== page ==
Haiti is the only Caribbean Community (CARICOM) country expected to benefit directly from a U.S. donation of 14 million doses of the COVID-19 vaccine to Latin America and the Caribbean. Meanwhile, Jamaica reports it is running low on vaccines.
On Monday, the White House announced the final allocations for the doses President Joe Biden promised to donate last month. Some 60 million shots will go to the global COVAX vaccine sharing alliance and 20 million being directed to specific partners.
COVAX is the vaccines pillar of the Access to COVID-19 Tools (ACT) Accelerator, which a ground-breaking global collaboration to accelerate the development, production, and equitable access to COVID-19 tests, treatments, and vaccines.
COVAX is co-led by Gavi, the Coalition for Epidemic Preparedness Innovations (CEPI) and the World Health Organization (WHO). Its aim is to accelerate the development and manufacture of COVID-19 vaccines, and to guarantee fair and equitable access for every country in the world.
Washington revealed plans for 55 million more shots. It said through COVAX, the latest batch of doses will include about 14 million for Latin America and the Caribbean, approximately 16 million for Asia and about 10 million for Africa.
About 14 million doses will be shared directly with Colombia, Argentina, Haiti, Dominican Republic, Costa Rica, Panama, Afghanistan, Bangladesh, Pakistan, Philippines, Vietnam, Indonesia, South Africa, Nigeria, Kenya, Ghana, Cabo Verde, Egypt, Jordan, Iraq, Yemen, Tunisia, Oman, Bank and Gaza, Ukraine, Kosovo, Georgia, Moldova and Bosnia.
Jamaica Facing Shortage
But, Jamaica is now facing a COVID-19 vaccine shortage, three weeks after receiving over 55,000 doses of the Oxford-AstraZeneca vaccine.
In May, Health Minister Dr Christopher Tufton had said that those doses would have been reserved for persons due for their second vaccine shot this month. But during a press conference last week, Tufton revealed that those vaccines are close to running out and the ministry will now have to prioritize Jamaicans over the age of 50.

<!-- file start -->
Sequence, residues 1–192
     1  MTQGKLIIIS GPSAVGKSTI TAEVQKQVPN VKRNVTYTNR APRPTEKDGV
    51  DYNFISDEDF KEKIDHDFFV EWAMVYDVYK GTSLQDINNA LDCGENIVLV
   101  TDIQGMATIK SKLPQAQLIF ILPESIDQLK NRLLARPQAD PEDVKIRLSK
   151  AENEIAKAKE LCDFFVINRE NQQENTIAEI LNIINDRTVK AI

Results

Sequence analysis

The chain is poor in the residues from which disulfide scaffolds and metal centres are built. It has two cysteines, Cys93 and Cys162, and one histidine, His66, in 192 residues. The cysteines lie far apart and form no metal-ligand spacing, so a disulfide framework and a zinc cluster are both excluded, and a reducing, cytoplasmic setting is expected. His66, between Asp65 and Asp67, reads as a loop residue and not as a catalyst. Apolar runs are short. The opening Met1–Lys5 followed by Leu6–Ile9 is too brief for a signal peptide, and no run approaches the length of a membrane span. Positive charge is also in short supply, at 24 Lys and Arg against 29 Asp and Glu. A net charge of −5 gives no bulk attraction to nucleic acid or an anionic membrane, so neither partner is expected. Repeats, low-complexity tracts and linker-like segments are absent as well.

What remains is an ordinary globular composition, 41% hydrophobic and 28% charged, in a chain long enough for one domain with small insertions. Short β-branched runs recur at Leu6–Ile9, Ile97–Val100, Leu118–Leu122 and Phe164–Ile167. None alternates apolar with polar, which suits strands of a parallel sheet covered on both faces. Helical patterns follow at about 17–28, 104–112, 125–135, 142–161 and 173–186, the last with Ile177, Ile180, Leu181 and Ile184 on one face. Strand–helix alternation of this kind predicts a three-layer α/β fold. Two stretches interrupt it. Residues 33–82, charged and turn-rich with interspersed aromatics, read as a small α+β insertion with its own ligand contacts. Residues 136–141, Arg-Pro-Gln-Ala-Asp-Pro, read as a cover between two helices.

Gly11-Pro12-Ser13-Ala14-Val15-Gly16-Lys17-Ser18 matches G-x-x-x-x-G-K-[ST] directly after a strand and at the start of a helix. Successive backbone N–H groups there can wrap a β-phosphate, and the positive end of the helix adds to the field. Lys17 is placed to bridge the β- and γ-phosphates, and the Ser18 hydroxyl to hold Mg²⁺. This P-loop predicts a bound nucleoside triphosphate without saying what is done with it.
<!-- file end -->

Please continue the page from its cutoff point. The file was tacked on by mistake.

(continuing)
Dr Tufton said the country is now at a stage in its vaccination program, where many persons will be turned away when they go to get their shot.
“We are now at a stage in the administration of vaccines when supplies are tightening up. I want to advise the public that it will mean that we have to prioritize in terms of who gets access at this time and certainly over the next two weeks. So what it means is that for the next two weeks, we’re going to have to tell some persons “no” when they come to get their first shot, and perhaps a second dose if you’re below the age of 50,” he said during a digital press conference on Thursday.
Dr Tufton said that the shortage of vaccines is not a problem that is unique to Jamaica. He says the limited availability of vaccines is affecting poor countries around the world.
“It’s a difficult management because in a sense, we can’t demand and there is no automatic availability. We have a need; we want the vaccines. But, we have to negotiate access based on what is available and the willingness of the manufacturers to make it available,” said Tufton.
As for Jamaicans under the age of 50 years old currently due for their second shot, Dr Tufton has assured that they still have time. He says Jamaicans have up to 12 weeks to get their second vaccine shot of the Oxford-AstraZeneca after getting the first.
Dr Tufton said that Jamaica is expected to get additional vaccines from the United States at the end of June. Shipments of the Johnson and Johnson vaccine are also expected to arrive in August.
To date, more than 220,000 Jamaicans have received at least one dose of the AstraZeneca coronavirus (COVID-19) vaccine. Of this number, 51,908 persons are fully vaccinated while 168,758 have received their first dose of the vaccine.